3 Ways Your Nonprofit Could Benefit From Virtual Reality Going Mainstream

Analysts are hailing 2016 as a “year zero” for virtual reality (VR) technology, thanks in large part to virtual reality cinemas that are opening around the world. Viewers can go inside special booths and choose one of three VR headsets. From there, they can become birds, fighter pilots or almost anything else the mind can dream up.

It also helps that the cost to produce virtual reality content is dropping, making the prospect more feasible.

Some people think virtual reality could revolutionize the film industry in less than a decade. But virtual reality has played a role in changing other industries too, such as the nonprofit sector. Let’s look at how nonprofits have applied this technology already, and opportunities for nonprofits to use it in the future.

Highlight the Severity of a Problem

Sometimes words alone just can’t convey how worrisome a problem has become, especially gradual ones such as climate change. Many people are under the impression climate change won’t cause problems in their lifetimes, so they don’t feel compelled to take action to stop it.

In an effort to change perspectives and show how urgent this issue is, The Sierra Club created the first ever VR video about climate change, in partnership with the Environmental Media Association and RYOT, and got Academy Award-winning actor Jared Leto to narrate it. The footage puts viewers in the heart of the Arctic and takes them through immersive experiences that indicate how climate change has far-reaching effects that are already taking place.

The timing of this video’s release was strategic too. It came out last year just days before scheduled talks held to reach an international agreement on conquering climate change.

Make People More Empathetic

If people don’t feel connected to nonprofit organizations, they’re not likely to give their time or money to support them. After all, the primary goal of nonprofits is to build relationships. Creating such connections can be difficult though, especially if the individuals do not have firsthand experience with certain situations.

For example, nonprofits seeking to help cancer patients could use VR technology to help potential donors learn more about standard therapies for treating cancer or what it feels like to be diagnosed with such an illness.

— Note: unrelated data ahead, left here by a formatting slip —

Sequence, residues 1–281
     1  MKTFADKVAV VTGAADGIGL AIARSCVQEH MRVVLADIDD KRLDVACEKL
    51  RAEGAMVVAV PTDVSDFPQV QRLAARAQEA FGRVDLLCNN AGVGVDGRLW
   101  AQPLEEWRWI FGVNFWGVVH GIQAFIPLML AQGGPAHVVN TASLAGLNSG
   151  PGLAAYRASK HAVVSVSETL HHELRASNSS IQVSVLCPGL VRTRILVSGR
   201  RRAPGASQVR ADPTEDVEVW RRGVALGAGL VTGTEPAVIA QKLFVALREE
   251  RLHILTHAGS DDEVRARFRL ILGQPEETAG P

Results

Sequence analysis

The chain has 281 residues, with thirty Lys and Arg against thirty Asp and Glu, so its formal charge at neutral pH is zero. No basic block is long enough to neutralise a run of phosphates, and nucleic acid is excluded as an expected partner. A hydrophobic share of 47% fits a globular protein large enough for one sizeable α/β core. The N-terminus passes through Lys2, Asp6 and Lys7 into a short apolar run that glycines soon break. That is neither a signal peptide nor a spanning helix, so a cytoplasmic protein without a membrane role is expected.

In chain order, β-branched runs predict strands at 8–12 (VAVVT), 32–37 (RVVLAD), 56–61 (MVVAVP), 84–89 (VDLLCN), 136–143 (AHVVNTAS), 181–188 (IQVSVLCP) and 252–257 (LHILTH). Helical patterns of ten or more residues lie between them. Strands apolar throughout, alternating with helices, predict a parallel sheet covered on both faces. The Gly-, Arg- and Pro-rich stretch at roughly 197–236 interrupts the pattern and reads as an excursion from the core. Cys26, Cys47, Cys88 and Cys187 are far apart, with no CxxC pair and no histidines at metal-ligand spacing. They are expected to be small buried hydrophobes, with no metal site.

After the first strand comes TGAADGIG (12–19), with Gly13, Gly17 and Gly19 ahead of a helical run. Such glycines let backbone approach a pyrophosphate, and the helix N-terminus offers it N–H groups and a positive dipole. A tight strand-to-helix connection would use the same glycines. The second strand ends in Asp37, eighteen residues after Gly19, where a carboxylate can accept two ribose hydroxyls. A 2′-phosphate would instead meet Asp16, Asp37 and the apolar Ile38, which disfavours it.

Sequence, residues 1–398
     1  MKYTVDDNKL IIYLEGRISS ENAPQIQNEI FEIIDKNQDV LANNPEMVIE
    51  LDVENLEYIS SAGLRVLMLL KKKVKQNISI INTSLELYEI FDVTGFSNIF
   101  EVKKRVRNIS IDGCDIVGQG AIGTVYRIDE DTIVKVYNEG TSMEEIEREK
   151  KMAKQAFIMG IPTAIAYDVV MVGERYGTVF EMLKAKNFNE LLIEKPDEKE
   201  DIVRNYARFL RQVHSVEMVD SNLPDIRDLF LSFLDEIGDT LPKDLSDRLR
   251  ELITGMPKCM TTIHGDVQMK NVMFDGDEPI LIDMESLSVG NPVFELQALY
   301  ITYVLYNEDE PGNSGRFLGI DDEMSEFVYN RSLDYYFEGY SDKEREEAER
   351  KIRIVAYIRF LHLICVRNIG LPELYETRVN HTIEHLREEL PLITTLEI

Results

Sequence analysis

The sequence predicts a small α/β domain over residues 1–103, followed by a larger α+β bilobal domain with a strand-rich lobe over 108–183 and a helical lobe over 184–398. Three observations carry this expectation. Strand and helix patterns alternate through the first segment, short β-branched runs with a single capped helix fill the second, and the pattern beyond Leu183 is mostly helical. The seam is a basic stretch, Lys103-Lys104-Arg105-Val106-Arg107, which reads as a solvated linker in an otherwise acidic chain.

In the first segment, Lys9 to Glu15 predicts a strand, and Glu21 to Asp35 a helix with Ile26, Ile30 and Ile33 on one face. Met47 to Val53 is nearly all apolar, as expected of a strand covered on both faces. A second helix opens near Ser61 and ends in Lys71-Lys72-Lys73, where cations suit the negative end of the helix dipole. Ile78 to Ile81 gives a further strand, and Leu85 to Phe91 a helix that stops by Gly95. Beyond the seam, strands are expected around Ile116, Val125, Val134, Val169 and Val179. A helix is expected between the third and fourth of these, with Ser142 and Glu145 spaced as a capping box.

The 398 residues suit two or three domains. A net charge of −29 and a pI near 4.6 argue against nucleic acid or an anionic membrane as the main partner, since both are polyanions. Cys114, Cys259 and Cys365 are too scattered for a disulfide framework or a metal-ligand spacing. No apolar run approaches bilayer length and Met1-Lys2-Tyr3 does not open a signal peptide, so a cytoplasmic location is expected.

In these ways, VR can be useful by creating experiences that put people in the shoes of those who have been through different situations. When individuals watch VR videos or play games that make the situations faced by others more real to them, they may be more likely to be empathetic and more willing to donate to a good cause that helps others.

Give Detailed Explanations of How Nonprofits Help Others

Spreadsheets, statistics and PowerPoint slides often just don’t resonate when nonprofits try to tell donors how their money is used. Recently, some organizations have relied on VR to fill the void. A nonprofit that works to help AIDS patients in Africa might produce a VR video that puts viewers in the position of one of the organization’s doctors and goes through a typical day in the doctor’s life, detailing how donations of certain amounts make specific things possible.

In 2015, former President Bill Clinton and his daughter Chelsea went to East Africa with their Clinton Global Initiative organization to provide aid for the people who live in the region. By itself, such a trip was not unique, but the interesting thing about this journey was that the activities were captured in VR and made into a video that’s been viewed over a million times.

Analysts in the media industry say this VR success story is one that can teach numerous lessons to organizations that follow the Clinton Global Initiative’s lead, particularly in the area of storytelling.

These are just three examples of how the nonprofit sector could use VR. Although it’s exciting when VR is used for purely entertaining purposes, its potential reach goes much further. It could explain why the work nonprofits do is so necessary and save lives.